When you book a consultation with a solar system designer, they’ll look at your: 

  1. Daily kWh usage (average amount of energy you use). 
  2. Peak power usage (the maximum amount of power you use at your highest-use times of day).

There are two primary variables that you’ll need to consider when sizing battery backup for your home: 

Storage Capacity

Storage capacity measures the total amount of energy that can be stored in your battery bank. Storage capacity is measured in kilowatt-hours (kWh). 

An easy way to think of kilowatt hours is as a measurement of how much energy a 1000-watt appliance uses if left on for one hour. Most vacuum cleaners tend to fall in the 1000-1400 Watt  range, so as an example, running a typical vacuum cleaner for one hour will use roughly one kWh of electricity. 

Load Capacity 

Load capacity refers to how much power your battery bank can send out at once and is measured in kilowatts (kW). Kilowatts are distinctly different from kilowatt-hours. A kilowatt (i.e 1000 Watts) is a measure of how much power an appliance takes to run at any moment. 

Our example vacuum cleaner from before is a 1000-watt appliance, meaning it takes 1000 Watts (1 kilowatt) to run at any given second. 

A kilowatt-hour refers to how long it takes to run an appliance over time. If you use that vacuum cleaner for an hour, you’ve used one kilowatt-hour of electricity. 

Within your load capacity, two factors determine how much available power you’ll have during an outage: 

Continuous capacity is you how much power your battery bank can discharge continuously under normal conditions. It gives you a rough idea of how many appliances you can run simultaneously during an outage.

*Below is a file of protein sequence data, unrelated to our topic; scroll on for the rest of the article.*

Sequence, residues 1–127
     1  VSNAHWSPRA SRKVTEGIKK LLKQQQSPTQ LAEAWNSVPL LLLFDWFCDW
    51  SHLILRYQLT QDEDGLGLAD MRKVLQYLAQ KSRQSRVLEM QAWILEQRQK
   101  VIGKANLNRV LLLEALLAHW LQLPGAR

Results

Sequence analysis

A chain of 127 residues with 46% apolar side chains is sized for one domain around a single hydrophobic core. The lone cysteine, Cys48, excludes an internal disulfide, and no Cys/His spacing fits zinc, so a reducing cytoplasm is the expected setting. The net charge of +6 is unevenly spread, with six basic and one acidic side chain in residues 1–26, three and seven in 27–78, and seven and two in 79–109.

Surge capacity is you how much your battery system can send out at once to meet high demand, e.g., if a sump pump and AC unit kick on simultaneously. 

One of the best ways to ensure you’ll have enough power during outages is to make your home as energy-efficient as possible. If your fridge and dishwasher are efficient and all your lights are LEDs, your battery bank will sustain your home for much longer. 

You’ll want to ensure that in the event of an outage, you’re very selective about the appliances you use. 

Pairing Battery Backup with Solar Panels

One of the best arguments for pairing battery backup with your solar system is that if you only have a standard, grid-tied solar system, your system will shut down when the power goes off. 

If you have a solar system without batteries and the power goes out, then you won’t have power. 

Grid-tied solar systems are subject to net metering, so when there’s an outage, the power shuts off automatically to protect line workers from electricity flowing in both directions. Since your solar system isn’t back-feeding the grid, there’s nowhere for the power to go, so your power flow is cut off. 

If you have a battery backup system, then during an outage, your solar system will continue feeding electricity to your batteries, and the system will send that power into your house. It’s important to know exactly how much energy your solar system generates because it will tell you how much it will offset your power consumption during the outage.